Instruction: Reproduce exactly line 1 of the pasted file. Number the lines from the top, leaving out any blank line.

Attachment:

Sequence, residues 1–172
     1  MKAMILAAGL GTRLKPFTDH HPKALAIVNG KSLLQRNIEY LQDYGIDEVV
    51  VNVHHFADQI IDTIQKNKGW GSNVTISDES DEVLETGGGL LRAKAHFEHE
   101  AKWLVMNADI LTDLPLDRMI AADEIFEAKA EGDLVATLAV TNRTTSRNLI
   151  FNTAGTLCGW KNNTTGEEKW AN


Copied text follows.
Sequence, residues 1–172